An Outlook Express Hotfix; An Nltest Bug Fix

Knowledge Base Entertainment

  • Explorapedia Earth rotates backwards. Last October, a user reported that when you use Explorapedia's Exploration utility to view the earth’s motion, Exploration rotates the planet in the wrong direction. Microsoft article Q131109 contains the standard response—Microsoft is researching the problem and will post new information when it's available. If Microsoft can change the earth’s rotation, the company can probably persuade the Department of Justice (DOJ) that all Microsoft marketing tactics are fine!
  • Magic School Bus lyrics. Several Microsoft products for children include a song titled the Magic School Bus. If your kids have asked you to sing along with them and you have begged off saying that you don’t know the words, your last excuse is gone. You can now consult Microsoft article Q122115 for the song's lyrics. I especially like the phrase, "Take a left at your intestine, Take your second right past Mars." Amazing what you can find in the Knowledge Base, eh?

NT 4.0 Remote Registry Server Vulnerability Hotfix
When a machine receives a remote request to access its Registry, Windows NT passes the request to the Remote Registry Server for authentication. If a malicious user sends a properly malformed request, the request hangs the Remote Registry Server. (Because the Remote Registry Server runs as part of the Winlogon process, the malformed request interrupts Winlogon and causes the system to hang.) Microsoft article Q264684 states that only authenticated users can exploit this vulnerability. Fortunately, the effect is transitory—the problem clears up immediately when you reboot the affected system. To eliminate the vulnerability, install the hotfix q264684i.exe, which you can download from the Microsoft Web site. The hotfix updates rpcrt4.dll and winlogon.exe with June 7 versions.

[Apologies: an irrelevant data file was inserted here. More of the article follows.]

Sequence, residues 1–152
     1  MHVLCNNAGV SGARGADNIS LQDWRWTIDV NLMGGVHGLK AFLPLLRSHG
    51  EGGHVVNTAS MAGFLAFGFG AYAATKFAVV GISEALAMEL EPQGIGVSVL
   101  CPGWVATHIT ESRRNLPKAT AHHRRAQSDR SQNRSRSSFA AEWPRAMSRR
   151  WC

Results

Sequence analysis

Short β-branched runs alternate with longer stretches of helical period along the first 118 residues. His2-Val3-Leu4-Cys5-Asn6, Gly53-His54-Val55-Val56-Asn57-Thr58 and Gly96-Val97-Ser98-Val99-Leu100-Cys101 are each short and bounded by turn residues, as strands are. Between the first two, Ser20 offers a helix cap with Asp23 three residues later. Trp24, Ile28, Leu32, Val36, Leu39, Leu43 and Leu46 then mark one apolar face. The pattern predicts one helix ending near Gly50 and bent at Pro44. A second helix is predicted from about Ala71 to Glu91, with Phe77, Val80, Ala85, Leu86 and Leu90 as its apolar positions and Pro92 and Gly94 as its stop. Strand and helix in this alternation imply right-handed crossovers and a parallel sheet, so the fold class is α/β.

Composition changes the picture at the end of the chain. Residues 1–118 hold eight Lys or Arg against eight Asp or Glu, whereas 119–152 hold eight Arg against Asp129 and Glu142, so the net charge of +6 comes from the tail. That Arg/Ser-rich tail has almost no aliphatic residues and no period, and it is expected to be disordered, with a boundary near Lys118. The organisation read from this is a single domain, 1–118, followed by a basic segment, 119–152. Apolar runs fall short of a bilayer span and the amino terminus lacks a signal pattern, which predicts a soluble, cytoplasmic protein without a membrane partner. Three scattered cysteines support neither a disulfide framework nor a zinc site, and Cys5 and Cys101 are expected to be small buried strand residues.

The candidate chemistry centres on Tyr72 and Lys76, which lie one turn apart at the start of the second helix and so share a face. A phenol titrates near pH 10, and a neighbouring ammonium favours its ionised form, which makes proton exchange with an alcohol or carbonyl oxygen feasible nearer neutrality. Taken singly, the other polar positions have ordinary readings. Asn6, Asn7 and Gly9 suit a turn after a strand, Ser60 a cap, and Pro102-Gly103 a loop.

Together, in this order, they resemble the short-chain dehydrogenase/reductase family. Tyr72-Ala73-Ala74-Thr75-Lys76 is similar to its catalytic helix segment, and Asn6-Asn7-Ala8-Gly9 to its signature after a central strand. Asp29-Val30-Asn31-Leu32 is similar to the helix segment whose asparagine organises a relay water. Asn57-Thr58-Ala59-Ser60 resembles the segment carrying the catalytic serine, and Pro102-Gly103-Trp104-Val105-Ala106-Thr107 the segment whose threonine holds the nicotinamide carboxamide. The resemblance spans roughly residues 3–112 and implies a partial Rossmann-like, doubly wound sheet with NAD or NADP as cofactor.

Outlook Express Hotfix for High-Encryption Systems
This is an unusual bug. If you run a high-encryption version of NT 4.0 with the locale set to France, Outlook Express can hang your system. You can reproduce this problem by logging on to a 128-bit encrypted version of NT 4.0 and setting the locale to France. Next, send yourself an email from Outlook Express on a 56-bit encrypted version of NT 4.0. When you reply to the email message on the high-encryption system, your system should hang. Microsoft article Q263305 indicates that a bug in crpt32.dll causes the system hang. The good news is that you can download a new version of this dll. For Intel systems, download and install hotfix q263305i.exe from the Microsoft Web site; for Alpha systems, download and install hotfix q263305a.exe from the Microsoft Web site. The hotfix contains an updated crypt32.dll with a release date of May 3.

Nltest Resource Kit Utility Bug Fix
The Netlogon process creates a secure channel between Windows 2000 and NT 4.0 domain controllers to securely exchange data such as computer account passwords. If the secure channel breaks, the domain controllers can't communicate. You can use the nltest.exe utility in the Windows NT 4.0 Server Resource Kit to reset the secure channel and reestablish communication between the systems. However, Microsoft article Q260889 indicates that the utility doesn't work on either Win2K or NT 4.0 if you provide the NetBIOS name of a domain controller on the command line using the syntax nltest /sc_query:domainname\[\Dcname\] rather than the Fully Qualified Domain Name (FQDN). If you prefer to use the shorter NetBIOS names, you must call Microsoft support for the bug fix to this utility. The bug fix updates netapi32.dll and netlogon.dlls with January 25 versions.

Office 2000 Hyperlinks Slow Everything Down
It’s not just our imaginations. Microsoft article Q260943 confirms that Office 2000 bogs down when you access embedded hyperlinks. The article states that when you click a hyperlink to open a file that doesn't reside on the local computer, the file can take longer to open than in previous versions of Office. I appreciate the corroboration, but the bad news is that there's no fix. I’ll keep you posted. When Microsoft fixes the code, the Office 2000 update will likely generate a great many workstation rebuilds.

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